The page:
Norwegian study posits that coronavirus 'spike protein' was lab created

An article that appeared in Forbes cites a former MI6 director saying that the coronavirus' "Spike protein" was made in a lab, per a Norwegian study on vaccine research.
Roberto Wakerell-Cruz Montreal, QC

An article that appeared in Forbes cites a former MI6 director saying that the coronavirus' "Spike protein" was made in a lab, per a Norwegian study on vaccine research. While this theory has been posited before, and is the subject of a US investigation, this new claim is based on information obtained from vaccine research in Norway.

Written by Norwegian Senior Contributor David Nikel, the article cited Norwegian scientist Birger Sorensen, who claimed the virus was "not natural in origin."

The report referenced in the Forbes article is about the development of a coronavirus vaccine called Biovacc-19. This vaccine project is unique in that it is meant to attack the Spike protein that makes it easier for the virus to infiltrate human cells. While other vaccine research and trials are working on attacking the virus itself, this attempt is attacking the mechanism that enables the virus to so easily and thoroughly infect cells. That's why their research focuses so heavily on figuring out how that protein works, and how it is constructed.

The report on the vaccine describes the qualities of this Spike protein, and how it is not found in any of the other coronaviruses that have been studied, nor in those coronaviruses that have been found in bats. In short, the claim is that this Spike protein is not of natural origin. Forbes notes that "The study from [Birger] Sørensen and British professor Angus Dalgleish show that the coronavirus's spike protein contains sequences that appear to be artificially inserted."

Forbes notes that "Sørensen told NRK that the virus has properties that differ greatly from SARS, and which have never been detected in nature. He explained that China and the United States have collaborated for many years on coronavirus research."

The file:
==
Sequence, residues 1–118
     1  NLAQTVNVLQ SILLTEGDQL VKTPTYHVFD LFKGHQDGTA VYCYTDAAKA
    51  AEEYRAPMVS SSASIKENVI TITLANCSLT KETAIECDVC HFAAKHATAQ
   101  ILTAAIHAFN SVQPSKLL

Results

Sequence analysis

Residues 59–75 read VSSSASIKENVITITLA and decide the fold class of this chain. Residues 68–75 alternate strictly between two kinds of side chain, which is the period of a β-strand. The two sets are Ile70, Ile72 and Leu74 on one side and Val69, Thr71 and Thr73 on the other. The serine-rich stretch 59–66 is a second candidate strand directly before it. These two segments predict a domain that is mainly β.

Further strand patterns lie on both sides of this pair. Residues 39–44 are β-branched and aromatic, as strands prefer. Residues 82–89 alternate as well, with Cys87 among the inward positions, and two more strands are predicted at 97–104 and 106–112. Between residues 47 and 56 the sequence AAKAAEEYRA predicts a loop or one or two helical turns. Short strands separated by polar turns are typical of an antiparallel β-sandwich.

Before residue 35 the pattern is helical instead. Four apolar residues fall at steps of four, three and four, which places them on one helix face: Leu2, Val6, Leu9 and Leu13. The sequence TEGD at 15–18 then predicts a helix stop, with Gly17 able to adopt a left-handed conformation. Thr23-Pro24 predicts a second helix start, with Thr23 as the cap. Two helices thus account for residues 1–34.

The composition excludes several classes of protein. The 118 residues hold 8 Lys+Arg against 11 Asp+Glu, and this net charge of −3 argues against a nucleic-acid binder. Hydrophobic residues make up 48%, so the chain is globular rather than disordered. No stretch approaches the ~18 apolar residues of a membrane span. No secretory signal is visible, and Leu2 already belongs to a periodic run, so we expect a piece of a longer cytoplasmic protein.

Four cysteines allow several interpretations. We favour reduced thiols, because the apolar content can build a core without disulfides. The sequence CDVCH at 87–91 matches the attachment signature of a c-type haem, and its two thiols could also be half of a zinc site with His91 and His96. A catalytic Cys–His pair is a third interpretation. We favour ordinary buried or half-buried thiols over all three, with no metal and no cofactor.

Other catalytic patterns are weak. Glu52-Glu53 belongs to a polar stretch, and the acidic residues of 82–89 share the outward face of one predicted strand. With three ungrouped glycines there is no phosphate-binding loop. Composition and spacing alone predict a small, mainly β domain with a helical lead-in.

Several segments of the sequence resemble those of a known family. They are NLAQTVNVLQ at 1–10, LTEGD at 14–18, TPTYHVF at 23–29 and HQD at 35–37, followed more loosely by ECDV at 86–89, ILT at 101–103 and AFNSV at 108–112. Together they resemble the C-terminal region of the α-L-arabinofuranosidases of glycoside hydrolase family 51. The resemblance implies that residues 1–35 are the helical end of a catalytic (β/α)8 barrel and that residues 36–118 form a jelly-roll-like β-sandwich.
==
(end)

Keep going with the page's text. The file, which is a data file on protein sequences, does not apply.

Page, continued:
Nikel's article points the British-Norwegian study published in the Quarterly Review of Biophysics published by Cambridge University.

Sorensen, one of the scientists who led the study, said that the COVID-19 virus has several behaviours that are not commonly found in nature. If they are not found in nature, the protein must be accounted for in another way, and the supposition is that it was created in a lab and accidentally released. The article states that Sørensen believes that it was Chinese scientists who released the virus, saying that China has since ended other studies in similar viruses.

The notion was also endorsed by the former head of the MI6, Richard Dearlove, who helmed the agency from 1999 to 2004. He told the Daily Telegraph that research was pointing to a lab-made virus.

“I think this started as an accident. This raises the question of whether China will assume responsibility and whether China should pay compensation. I think this will make all countries think through their relationship with China and how they relate to China's leadership,” said Dearlove.

The controversial study follows a contested theory that—at the very—least, the virus had leaked from a bio lab in Wuhan, China.

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Roberto Wakerell-Cruz
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